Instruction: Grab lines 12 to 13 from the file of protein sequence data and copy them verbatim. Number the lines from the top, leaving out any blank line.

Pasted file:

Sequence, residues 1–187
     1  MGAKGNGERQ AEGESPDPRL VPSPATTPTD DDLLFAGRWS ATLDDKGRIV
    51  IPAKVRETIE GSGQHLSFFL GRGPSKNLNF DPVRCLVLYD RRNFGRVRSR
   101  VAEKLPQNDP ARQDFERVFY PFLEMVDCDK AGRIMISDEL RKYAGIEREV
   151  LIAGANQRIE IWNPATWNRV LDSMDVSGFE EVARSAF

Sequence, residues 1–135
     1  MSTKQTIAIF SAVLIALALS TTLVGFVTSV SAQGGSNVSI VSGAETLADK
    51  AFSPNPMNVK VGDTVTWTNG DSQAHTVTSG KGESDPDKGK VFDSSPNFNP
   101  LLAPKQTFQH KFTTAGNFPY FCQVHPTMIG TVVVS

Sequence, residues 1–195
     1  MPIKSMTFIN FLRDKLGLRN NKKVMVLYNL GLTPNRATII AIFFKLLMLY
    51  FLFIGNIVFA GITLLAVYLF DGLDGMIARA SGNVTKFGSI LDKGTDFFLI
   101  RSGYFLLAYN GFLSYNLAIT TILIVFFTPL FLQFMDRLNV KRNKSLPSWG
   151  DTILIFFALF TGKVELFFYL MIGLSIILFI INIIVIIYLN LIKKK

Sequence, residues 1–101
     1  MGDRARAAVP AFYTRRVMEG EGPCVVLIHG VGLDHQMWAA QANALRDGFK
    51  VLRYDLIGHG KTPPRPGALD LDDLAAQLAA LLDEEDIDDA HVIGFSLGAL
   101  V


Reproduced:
    51  FLFIGNIVFA GITLLAVYLF DGLDGMIARA SGNVTKFGSI LDKGTDFFLI
   101  RSGYFLLAYN GFLSYNLAIT TILIVFFTPL FLQFMDRLNV KRNKSLPSWG